Central Vein Occlusion Study (CVOS)
To determine whether photocoagulation therapy can help prevent iris neovascularization in eyes with central vein occlusion (CVO) and evidence of ischemic retina.
To assess whether grid-pattern photocoagulation therapy will reduce loss of central visual acuity due to macular edema secondary to CVO.
To develop new data describing the course and prognosis for eyes with CVO.
|Retinal Vein Occlusion Retinal Diseases||Procedure: Photocoagulation Therapy||Phase 3|
|Study Design:||Allocation: Randomized
Primary Purpose: Treatment
|Study Start Date:||August 1988|
|Study Completion Date:||February 1994|
Central vein occlusion is a common retinal vascular disorder with potentially blinding complications. The two major complications are reduced central vision caused by macular edema and neovascular glaucoma caused by iris neovascularization. Other clinical trials have shown that laser photocoagulation is an effective treatment for complications found in diabetic retinopathy and branch vein occlusion, which have some features in common with CVO: neovascularization and reduced visual acuity caused by macular edema occur in all three disorders. Evidence from small-scale studies suggests that a grid pattern of photocoagulation reduces macular edema in CVO patients, although the associated changes in visual acuity are variable. The CVOS is a detailed investigation of grid pattern photocoagulation in a larger randomized group of patients.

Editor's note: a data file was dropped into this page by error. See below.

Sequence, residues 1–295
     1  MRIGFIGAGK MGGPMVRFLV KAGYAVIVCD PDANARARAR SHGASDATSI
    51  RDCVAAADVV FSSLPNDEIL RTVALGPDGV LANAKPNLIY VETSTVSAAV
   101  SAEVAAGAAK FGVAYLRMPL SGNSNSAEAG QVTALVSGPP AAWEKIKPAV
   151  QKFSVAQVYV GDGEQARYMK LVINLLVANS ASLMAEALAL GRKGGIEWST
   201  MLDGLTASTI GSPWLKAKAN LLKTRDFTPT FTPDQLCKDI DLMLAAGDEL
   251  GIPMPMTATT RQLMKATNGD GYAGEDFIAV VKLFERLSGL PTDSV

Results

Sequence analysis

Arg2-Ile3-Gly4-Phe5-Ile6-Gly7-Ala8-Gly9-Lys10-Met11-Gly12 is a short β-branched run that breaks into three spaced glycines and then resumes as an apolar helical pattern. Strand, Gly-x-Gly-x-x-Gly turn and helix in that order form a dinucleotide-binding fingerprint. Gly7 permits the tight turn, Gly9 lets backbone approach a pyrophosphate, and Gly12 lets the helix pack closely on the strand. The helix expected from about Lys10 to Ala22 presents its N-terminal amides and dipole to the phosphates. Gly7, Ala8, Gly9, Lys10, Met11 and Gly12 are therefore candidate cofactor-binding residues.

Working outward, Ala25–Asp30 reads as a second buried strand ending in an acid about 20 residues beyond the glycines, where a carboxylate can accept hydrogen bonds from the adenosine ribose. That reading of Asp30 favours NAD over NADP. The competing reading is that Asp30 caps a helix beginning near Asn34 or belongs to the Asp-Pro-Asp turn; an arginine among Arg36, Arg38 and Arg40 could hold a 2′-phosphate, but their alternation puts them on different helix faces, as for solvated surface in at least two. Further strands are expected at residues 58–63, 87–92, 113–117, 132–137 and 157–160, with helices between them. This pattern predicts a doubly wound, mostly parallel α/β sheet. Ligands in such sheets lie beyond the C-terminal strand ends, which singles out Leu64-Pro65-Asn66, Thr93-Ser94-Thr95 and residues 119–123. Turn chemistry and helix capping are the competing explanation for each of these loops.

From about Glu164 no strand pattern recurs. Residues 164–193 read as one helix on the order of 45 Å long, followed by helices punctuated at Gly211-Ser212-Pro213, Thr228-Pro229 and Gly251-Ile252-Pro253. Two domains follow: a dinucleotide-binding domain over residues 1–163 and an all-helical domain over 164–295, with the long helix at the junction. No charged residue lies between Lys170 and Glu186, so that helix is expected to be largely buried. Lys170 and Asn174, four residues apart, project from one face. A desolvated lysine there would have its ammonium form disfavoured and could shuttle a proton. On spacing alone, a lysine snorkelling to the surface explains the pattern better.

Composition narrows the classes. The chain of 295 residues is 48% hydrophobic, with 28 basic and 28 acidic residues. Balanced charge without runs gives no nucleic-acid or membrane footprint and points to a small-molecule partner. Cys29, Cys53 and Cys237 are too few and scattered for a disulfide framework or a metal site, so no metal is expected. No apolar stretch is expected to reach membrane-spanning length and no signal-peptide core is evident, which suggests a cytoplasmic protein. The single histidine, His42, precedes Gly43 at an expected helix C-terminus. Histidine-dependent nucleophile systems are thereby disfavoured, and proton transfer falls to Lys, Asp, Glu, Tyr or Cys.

Eligible patients were divided into four groups:
Group N: Eyes with extensive retinal ischemia (at least 10 disc areas of nonperfusion) were randomly assigned to receive panretinal photocoagulation or nontreatment unless iris neovascularization developed.
Group M: Eyes with visual loss ascribable to macular edema were randomly assigned to receive grid-pattern photocoagulation or nontreatment.
Group P: Eyes with relatively perfused retinas were followed to provide information about the natural history of the disease.
Group I: Indeterminate eyes in which the retina could not be visualized accurately because of hemorrhage were followed in a natural history study.
Green argon laser with a slit lamp delivery system was used for all treatments. Photographic documentation of retinal changes was obtained at entry, post-treatment, and at specified followup visits for a period of at least 3 years. The frequency of followup visits varied according to the group to which the CVO patient was assigned. Visual acuity, the primary outcome factor in the group with macular edema, was measured according to a modified Early Treatment Diabetic Retinopathy Study protocol at each visit.